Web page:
Why You Need Vitamin K2
Vitamin K2 (menaquinone) is an interesting conversation starter. The reality is that it doesn’t get the press it deserves, as many people don’t really know how it helps and how vital to the body it is. Our bodies don’t generate this crucial nutrient, and we tend not to get enough of it in our diet.
The vitamin K family consists of vitamin K1 (phylloquinone), K2 (menaquinone), and K3, a synthetic form of the vitamin. K3 has been shown to have a toxic effect on the liver, so it’s not optimal. K1 is plentiful in green, leafy vegetables – but does not convert enough vitamin K2 in our intestines in order to help with atherosclerosis (hardening of the arteries) or osteoporosis.
Natural Factors Vitamin K2 contains MK-7, an advanced form of vitamin K that serves multiple functions in the body. Vitamin K2 plays a critical role in protecting the heart, as well as building strong bones. Calcium is integral to bone and teeth health – yet it can clog arteries and other soft tissues. Vitamin K2’s role is essential in preventing blood clotting and guides calcium toward the bones and teeth, where it is most needed. At the same time, it keeps calcium away from tissues and arteries where it could have negative effects, such as calcification, which can contribute to atherosclerosis.
MK-7 is the most bioavailable form of vitamin K2 and is derived naturally from natto beans. Natto is a fermented soybean food, popular in Japan, but hasn’t been adopted among westerners because it has a very distinct taste. K2 is also available in butter, grass-fed meats, organ meats, and egg yolks. Still, as most people cannot meet the daily requirement for K2, it is best to supplement. The MK-7 form has also been shown to offer 24-hour protection in a single dose, versus other commercially available supplements that tend to only last 4-6 hours in the body.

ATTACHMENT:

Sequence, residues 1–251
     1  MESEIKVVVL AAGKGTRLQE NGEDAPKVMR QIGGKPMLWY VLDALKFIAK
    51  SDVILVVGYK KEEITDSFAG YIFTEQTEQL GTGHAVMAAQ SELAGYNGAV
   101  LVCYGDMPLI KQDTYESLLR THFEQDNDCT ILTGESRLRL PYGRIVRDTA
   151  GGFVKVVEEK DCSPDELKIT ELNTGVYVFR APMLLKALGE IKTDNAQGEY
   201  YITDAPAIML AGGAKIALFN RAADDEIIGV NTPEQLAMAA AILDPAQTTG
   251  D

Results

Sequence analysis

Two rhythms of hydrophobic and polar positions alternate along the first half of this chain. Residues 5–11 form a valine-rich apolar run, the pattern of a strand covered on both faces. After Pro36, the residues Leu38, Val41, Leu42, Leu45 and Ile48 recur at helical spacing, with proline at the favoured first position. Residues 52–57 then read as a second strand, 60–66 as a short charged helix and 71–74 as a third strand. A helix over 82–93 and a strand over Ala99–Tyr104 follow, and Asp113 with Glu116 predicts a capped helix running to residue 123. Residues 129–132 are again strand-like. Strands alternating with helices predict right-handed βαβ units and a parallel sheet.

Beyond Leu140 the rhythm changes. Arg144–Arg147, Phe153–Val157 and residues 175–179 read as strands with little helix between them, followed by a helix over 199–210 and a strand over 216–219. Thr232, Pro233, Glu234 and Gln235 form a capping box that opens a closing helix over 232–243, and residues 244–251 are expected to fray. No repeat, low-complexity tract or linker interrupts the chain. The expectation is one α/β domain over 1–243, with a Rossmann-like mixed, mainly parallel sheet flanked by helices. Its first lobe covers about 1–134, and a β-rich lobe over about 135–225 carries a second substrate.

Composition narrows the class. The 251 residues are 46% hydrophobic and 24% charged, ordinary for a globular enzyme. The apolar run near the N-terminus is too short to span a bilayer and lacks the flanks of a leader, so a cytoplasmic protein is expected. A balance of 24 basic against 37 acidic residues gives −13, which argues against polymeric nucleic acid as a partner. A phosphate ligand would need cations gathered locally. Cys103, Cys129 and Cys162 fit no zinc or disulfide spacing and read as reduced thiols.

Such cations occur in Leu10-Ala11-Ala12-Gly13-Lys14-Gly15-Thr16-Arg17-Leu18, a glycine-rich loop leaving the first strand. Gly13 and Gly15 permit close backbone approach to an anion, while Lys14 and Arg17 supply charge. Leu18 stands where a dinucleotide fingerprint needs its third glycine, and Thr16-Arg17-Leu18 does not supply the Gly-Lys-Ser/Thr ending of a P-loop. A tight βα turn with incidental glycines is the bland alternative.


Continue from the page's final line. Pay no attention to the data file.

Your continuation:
The need to direct calcium to bones and teeth and away from soft tissues and arteries is necessary as we age and the potential diagnosis of osteoporosis looms, especially among older women. Coupled with the increased risk of fractures as we get older, osteoporosis is a growing problem in Western countries.
Osteoporosis literally means “porous bone.” Normal, healthy bone looks like a honeycomb. However, bone with osteoporosis reveals much larger holes and shards of bone itself, which is why it is prone to breaking much more easily. While it’s true that bone density loss cannot be reversed, with proper treatment and supplementation, osteoporosis can be slowed down significantly, if caught early.
Anyone concerned with their bone and teeth health should consider supplementing with Natural Factors Vitamin K2. We can also incorporate more soft-ripened cheeses and fermented foods in our diets, such as sauerkraut, kombucha, and kimchi – which have additional positive effects on gut flora.